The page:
Within our premices, we offer an automated microscope Molecular DevicesTMIXM-XL®, which allows acquisition of thousands of images per hour, in different colors or magnification.
ACCESS Geneva provides all aspects of data storage, archive, back-up and analysis resource for scientists.
|We use Molecular DevicesTM ImageXpress Micro XL®, an automated microscope, with bright field, led light source, 5 fluorescence cubes, 8 objectives, for fixed or live imaging, and Z-stack capacity. This microscope allows the user to acquire a large amount of high quality images. It can handle any type of culture plates, but the facility recommends a specific one which has been tested and fully set up on the instrument. It has a fast connection to our remote server to allow image transfer and storage on a secured support. After a short training on the acquisition software, any user should be rapidly independent. Originally dedicated to screening projects this tool has become now more widely used for every day experiment which involves several test conditions.|
|We’ve recently purchased and installed the latest automated microscope from Molecular Devices™. The ImageXpress Micro Confocal® is a spinning disc microscope, with 7 colors, 5 objectives (4X to 60X) and the latest sCMOS camera. This new microscope acquire very sharp images in a very fast mode. New applications from our previous system can be considered, like fast live or Z scan of 3D objects. The microscope can scan any kind of imaging pates (24, 96, 384 well), but also regular slide. The microscope is connected to our database, making the data available from anywhere through our 5 virtual machines. More info|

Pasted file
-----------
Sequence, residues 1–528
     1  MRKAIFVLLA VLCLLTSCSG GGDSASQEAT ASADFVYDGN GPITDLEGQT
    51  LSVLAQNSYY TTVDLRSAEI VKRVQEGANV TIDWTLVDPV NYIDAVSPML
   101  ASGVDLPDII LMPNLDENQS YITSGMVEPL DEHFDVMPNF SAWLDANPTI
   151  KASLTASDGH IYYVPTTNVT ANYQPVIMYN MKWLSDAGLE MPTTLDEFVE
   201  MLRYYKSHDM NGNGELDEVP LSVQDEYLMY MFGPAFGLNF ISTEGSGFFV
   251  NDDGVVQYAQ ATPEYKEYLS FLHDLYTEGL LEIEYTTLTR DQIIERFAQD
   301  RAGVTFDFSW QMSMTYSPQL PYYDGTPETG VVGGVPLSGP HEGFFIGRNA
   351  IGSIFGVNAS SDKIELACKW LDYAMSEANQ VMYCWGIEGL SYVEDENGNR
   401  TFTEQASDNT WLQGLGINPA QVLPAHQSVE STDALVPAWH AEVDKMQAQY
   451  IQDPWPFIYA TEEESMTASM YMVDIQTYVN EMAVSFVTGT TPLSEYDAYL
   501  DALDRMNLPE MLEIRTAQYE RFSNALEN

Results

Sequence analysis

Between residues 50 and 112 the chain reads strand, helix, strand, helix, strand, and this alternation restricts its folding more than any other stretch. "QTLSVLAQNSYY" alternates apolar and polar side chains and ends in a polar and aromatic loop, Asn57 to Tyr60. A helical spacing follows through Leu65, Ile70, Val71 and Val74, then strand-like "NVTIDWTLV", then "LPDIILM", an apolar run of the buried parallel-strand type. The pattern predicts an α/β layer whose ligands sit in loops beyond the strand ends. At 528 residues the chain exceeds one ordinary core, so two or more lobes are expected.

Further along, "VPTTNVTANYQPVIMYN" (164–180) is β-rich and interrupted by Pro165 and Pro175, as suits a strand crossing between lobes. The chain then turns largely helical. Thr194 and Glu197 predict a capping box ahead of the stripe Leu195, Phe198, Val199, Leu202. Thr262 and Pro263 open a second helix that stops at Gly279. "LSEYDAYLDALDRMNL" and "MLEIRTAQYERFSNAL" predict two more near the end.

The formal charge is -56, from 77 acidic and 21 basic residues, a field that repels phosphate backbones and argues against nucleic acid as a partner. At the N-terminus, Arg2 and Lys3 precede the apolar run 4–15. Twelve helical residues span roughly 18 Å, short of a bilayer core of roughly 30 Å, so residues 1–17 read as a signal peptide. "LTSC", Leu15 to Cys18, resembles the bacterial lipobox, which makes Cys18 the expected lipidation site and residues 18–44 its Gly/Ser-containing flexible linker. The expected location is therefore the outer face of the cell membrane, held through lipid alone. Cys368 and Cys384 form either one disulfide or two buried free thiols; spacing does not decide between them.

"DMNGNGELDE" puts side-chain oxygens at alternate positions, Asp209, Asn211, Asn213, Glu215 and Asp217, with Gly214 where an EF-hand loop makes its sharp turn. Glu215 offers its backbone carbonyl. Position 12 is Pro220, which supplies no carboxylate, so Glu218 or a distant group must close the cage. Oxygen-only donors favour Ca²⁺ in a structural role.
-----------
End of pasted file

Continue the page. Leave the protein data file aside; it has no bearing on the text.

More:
|ACCESS Geneva is also equipped with a full mode plate reader BiotekTM SynergyTM H1, enclosed in a temperature controlled cabinet, and linked to a robotic arm for screening plate feeding. The reader is also equipped with two syringes for direct injection of reagent in the test plate. Full reader details|
In order to facilitate the data storage and analysis to all users, the facility has developed a fully integrated data management system, based on Molecular DevicesTM software environment. All data generated are automatically saved on a secured server, and are easily accessible at any time with no risk of data or metadata lose. Thanks to the installation of dedicated virtual machines, any user can access his data at any time using a direct or VPN connection to the UNIGE network.